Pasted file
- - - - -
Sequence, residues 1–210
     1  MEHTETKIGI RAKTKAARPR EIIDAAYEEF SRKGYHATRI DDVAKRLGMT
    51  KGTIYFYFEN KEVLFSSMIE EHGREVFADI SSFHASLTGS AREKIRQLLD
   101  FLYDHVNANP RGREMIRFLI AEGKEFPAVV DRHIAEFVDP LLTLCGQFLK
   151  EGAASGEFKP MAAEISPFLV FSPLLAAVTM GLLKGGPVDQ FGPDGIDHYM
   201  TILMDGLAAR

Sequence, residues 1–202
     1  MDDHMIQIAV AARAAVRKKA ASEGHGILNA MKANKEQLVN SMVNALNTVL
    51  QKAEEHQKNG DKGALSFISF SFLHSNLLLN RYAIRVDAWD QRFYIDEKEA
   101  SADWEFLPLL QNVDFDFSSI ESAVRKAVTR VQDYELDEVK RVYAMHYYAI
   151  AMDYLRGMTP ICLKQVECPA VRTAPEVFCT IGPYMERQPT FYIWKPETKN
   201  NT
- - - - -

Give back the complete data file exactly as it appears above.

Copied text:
Sequence, residues 1–210
     1  MEHTETKIGI RAKTKAARPR EIIDAAYEEF SRKGYHATRI DDVAKRLGMT
    51  KGTIYFYFEN KEVLFSSMIE EHGREVFADI SSFHASLTGS AREKIRQLLD
   101  FLYDHVNANP RGREMIRFLI AEGKEFPAVV DRHIAEFVDP LLTLCGQFLK
   151  EGAASGEFKP MAAEISPFLV FSPLLAAVTM GLLKGGPVDQ FGPDGIDHYM
   201  TILMDGLAAR

Sequence, residues 1–202
     1  MDDHMIQIAV AARAAVRKKA ASEGHGILNA MKANKEQLVN SMVNALNTVL
    51  QKAEEHQKNG DKGALSFISF SFLHSNLLLN RYAIRVDAWD QRFYIDEKEA
   101  SADWEFLPLL QNVDFDFSSI ESAVRKAVTR VQDYELDEVK RVYAMHYYAI
   151  AMDYLRGMTP ICLKQVECPA VRTAPEVFCT IGPYMERQPT FYIWKPETKN
   201  NT